WASHINGTON — Orbital Sciences Corp. has delayed by one day, to July 12, the launch of its second cargo resupply mission to the international space station after severe thunderstorms the night of July 8 prevented the company from rolling its Antares rocket out to its launch pad on Wallops Island, Virginia, the following morning, Orbital said in a July 9 press release.

Despite the one-day slip, which Orbital attributed to a compressed schedule of events leading up to the launch, the company’s Cygnus cargo capsule is still expected to berth with the space station the morning of July 15, the press release said.

Backup launch dates are available through July 17, Orbital spokesman Barron Beneski wrote in an email. However, “a launch after the 14th would require additional consultation with NASA,” he said.

The mission, dubbed Orb-2, was once scheduled to lift off in May but was put on hold after an AJ-26 rocket engine slated for use in a 2015 Antares/Cygnus cargo mission failed on the test stand at NASA’s Stennis Space Center in Mississippi. Orbital, along with its main propulsion contractor, Aerojet Rocketdyne of Sacramento, California, are still investigating what went wrong.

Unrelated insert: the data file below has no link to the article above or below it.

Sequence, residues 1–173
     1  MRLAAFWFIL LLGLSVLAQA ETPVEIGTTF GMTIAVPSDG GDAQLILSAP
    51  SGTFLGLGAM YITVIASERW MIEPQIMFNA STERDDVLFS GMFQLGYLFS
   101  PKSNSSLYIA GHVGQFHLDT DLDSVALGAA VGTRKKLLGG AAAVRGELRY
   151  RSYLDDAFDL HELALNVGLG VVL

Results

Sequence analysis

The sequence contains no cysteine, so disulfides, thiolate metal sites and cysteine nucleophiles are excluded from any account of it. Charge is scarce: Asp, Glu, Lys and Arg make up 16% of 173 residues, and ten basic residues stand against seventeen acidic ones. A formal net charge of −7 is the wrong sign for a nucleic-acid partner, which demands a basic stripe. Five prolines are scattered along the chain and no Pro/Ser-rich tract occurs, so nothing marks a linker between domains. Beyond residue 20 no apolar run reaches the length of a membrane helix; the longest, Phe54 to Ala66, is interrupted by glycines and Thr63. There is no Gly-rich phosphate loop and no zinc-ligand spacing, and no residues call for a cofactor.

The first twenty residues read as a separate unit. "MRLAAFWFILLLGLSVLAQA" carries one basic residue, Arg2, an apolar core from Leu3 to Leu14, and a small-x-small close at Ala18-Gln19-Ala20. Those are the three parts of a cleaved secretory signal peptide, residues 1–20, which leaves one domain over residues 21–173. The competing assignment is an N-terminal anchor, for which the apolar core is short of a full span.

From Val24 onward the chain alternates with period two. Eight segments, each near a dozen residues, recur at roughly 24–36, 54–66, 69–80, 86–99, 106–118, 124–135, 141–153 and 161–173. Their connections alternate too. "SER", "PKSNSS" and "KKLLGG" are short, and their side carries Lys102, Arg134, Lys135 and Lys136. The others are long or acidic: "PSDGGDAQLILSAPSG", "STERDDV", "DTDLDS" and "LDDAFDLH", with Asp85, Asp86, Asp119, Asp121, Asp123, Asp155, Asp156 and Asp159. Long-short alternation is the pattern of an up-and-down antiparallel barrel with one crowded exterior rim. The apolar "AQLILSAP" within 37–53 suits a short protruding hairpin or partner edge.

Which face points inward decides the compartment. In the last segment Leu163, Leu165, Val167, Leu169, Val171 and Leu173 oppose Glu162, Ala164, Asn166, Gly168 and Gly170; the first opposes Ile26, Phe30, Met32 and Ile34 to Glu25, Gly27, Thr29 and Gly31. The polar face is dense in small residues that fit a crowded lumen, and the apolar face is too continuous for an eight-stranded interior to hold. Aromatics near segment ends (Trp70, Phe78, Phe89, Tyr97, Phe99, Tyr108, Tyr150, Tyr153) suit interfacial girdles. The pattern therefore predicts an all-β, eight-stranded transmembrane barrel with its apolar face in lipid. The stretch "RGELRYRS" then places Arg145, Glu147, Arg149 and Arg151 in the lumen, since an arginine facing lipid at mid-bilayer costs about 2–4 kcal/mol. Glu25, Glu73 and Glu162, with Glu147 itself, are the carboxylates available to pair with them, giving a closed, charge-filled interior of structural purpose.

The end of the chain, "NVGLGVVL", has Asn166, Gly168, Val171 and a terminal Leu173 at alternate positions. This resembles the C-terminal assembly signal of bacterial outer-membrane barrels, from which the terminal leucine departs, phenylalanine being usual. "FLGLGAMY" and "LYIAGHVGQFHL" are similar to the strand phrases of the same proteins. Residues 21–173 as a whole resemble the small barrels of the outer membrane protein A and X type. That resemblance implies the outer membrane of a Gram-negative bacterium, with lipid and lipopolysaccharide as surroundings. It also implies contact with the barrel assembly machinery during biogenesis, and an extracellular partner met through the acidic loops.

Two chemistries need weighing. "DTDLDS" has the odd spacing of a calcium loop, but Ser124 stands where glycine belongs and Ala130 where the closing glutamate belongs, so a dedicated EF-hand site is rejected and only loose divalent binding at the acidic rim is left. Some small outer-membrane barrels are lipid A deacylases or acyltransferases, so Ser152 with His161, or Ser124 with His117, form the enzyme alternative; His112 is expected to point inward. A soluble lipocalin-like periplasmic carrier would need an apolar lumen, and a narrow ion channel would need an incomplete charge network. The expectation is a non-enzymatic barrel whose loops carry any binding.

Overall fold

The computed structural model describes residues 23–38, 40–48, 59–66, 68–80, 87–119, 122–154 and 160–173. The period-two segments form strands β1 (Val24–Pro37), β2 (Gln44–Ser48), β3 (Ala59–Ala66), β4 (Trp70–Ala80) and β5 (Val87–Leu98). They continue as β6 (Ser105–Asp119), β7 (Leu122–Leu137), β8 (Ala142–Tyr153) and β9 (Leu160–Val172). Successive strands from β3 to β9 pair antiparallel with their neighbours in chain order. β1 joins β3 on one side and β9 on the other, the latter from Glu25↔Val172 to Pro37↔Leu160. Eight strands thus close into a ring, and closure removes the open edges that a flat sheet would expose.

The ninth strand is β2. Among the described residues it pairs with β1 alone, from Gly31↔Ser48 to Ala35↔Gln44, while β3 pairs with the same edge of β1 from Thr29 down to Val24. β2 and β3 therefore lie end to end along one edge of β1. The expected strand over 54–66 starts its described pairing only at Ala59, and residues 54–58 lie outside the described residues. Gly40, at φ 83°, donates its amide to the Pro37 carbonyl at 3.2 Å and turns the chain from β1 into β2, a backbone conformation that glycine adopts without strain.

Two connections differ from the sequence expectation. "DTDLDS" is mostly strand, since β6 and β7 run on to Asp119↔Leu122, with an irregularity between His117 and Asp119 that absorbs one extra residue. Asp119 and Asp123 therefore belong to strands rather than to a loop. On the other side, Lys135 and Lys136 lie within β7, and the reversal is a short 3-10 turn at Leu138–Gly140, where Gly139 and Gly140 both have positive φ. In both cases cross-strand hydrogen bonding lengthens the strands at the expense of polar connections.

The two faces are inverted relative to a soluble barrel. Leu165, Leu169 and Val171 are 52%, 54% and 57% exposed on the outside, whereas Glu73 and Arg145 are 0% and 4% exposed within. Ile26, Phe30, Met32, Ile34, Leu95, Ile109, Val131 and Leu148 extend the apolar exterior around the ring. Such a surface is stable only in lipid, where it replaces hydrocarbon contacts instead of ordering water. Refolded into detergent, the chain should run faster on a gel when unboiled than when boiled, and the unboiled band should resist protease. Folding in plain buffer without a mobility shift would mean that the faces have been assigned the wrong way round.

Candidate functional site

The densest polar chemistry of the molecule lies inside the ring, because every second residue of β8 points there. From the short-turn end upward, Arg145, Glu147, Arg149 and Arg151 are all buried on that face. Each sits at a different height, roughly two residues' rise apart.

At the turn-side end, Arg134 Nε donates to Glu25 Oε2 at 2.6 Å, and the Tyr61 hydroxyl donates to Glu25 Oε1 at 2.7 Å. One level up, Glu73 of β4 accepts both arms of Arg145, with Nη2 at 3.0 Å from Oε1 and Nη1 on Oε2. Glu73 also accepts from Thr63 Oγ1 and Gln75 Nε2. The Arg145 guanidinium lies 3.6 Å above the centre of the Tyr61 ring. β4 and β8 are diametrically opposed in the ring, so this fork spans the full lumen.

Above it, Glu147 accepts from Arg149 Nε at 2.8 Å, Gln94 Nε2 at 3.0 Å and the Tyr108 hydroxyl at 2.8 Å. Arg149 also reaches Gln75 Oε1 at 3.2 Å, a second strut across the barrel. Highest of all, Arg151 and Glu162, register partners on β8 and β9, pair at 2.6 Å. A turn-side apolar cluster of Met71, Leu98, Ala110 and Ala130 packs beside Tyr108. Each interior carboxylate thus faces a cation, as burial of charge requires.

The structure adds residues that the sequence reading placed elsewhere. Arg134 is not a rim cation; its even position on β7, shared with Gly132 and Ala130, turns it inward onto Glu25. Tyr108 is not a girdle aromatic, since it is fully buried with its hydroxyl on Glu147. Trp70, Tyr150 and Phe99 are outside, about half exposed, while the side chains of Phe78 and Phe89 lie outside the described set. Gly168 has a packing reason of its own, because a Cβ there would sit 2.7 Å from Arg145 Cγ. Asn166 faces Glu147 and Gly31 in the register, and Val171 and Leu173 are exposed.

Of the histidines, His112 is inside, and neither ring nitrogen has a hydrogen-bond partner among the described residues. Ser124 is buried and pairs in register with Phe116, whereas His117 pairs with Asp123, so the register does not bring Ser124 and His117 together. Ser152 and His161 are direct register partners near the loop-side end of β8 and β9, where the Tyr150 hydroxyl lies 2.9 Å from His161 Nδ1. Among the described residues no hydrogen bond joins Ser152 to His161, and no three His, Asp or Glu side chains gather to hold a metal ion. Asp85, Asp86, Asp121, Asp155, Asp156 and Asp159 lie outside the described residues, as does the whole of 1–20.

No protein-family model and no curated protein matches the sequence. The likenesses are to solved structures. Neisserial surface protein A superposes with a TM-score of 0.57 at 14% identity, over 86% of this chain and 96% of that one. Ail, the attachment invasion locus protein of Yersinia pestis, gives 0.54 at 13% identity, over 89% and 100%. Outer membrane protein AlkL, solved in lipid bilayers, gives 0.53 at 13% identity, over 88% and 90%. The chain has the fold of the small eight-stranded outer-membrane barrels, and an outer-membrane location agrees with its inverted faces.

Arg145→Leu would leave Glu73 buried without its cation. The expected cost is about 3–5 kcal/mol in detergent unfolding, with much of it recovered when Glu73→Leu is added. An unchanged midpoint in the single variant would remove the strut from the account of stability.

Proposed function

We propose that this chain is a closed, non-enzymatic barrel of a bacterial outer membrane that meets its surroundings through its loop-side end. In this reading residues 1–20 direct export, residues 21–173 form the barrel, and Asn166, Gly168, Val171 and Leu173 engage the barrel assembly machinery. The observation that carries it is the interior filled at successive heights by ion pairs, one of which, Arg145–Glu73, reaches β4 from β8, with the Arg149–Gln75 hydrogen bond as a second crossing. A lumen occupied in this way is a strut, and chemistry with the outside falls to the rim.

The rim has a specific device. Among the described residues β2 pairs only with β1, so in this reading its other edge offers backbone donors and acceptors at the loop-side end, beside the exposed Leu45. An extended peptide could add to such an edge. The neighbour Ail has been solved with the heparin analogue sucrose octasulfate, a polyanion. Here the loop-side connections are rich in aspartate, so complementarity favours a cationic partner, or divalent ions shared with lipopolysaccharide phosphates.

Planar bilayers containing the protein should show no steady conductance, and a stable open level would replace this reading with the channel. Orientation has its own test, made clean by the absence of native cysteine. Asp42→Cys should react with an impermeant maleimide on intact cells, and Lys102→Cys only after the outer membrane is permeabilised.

However, tests in Virginia have determined the pair of AJ-26s integrated with the Antares at the Mid Atlantic Regional Spaceport on Wallops are ready for the upcoming flight, the second of eight Orbital owes NASA under a $1.9 billion Commercial Resupply Services contract signed in 2008. The contract runs through 2015 and calls for delivery of at least 20,000 kilograms of cargo.

The Orb-2 Cygnus capsule will remain at the space station for about 30 days, after which it will separate from the orbital outpost and dispose of some 1,300 kilograms of trash during destructive re-entry into Earth’s atmosphere.

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Dan Leone is the NASA reporter for SpaceNews, where he also covers other civilian-run U.S. government space programs and a growing number of entrepreneurial space companies. He joined SpaceNews in 2011.Dan earned a bachelor's degree in public communications...